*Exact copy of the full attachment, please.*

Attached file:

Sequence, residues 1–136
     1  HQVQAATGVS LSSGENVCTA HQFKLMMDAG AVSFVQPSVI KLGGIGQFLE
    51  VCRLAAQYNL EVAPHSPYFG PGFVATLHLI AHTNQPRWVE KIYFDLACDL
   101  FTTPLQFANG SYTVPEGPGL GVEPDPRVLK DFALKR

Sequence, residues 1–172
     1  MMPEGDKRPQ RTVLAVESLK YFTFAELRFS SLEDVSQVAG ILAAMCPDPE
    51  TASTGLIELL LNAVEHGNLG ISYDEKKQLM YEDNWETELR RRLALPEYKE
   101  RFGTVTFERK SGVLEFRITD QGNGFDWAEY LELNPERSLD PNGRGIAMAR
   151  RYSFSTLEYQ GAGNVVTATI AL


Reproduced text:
Sequence, residues 1–136
     1  HQVQAATGVS LSSGENVCTA HQFKLMMDAG AVSFVQPSVI KLGGIGQFLE
    51  VCRLAAQYNL EVAPHSPYFG PGFVATLHLI AHTNQPRWVE KIYFDLACDL
   101  FTTPLQFANG SYTVPEGPGL GVEPDPRVLK DFALKR

Sequence, residues 1–172
     1  MMPEGDKRPQ RTVLAVESLK YFTFAELRFS SLEDVSQVAG ILAAMCPDPE
    51  TASTGLIELL LNAVEHGNLG ISYDEKKQLM YEDNWETELR RRLALPEYKE
   101  RFGTVTFERK SGVLEFRITD QGNGFDWAEY LELNPERSLD PNGRGIAMAR
   151  RYSFSTLEYQ GAGNVVTATI AL